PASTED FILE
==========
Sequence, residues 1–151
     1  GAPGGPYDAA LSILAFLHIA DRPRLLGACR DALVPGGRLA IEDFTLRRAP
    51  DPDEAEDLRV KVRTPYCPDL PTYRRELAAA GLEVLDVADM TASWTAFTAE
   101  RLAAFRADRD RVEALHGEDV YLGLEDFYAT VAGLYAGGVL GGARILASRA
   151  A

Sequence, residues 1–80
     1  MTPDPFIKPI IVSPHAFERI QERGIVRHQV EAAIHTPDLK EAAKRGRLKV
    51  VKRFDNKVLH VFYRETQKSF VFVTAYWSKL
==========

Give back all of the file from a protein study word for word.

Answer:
Sequence, residues 1–151
     1  GAPGGPYDAA LSILAFLHIA DRPRLLGACR DALVPGGRLA IEDFTLRRAP
    51  DPDEAEDLRV KVRTPYCPDL PTYRRELAAA GLEVLDVADM TASWTAFTAE
   101  RLAAFRADRD RVEALHGEDV YLGLEDFYAT VAGLYAGGVL GGARILASRA
   151  A

Sequence, residues 1–80
     1  MTPDPFIKPI IVSPHAFERI QERGIVRHQV EAAIHTPDLK EAAKRGRLKV
    51  VKRFDNKVLH VFYRETQKSF VFVTAYWSKL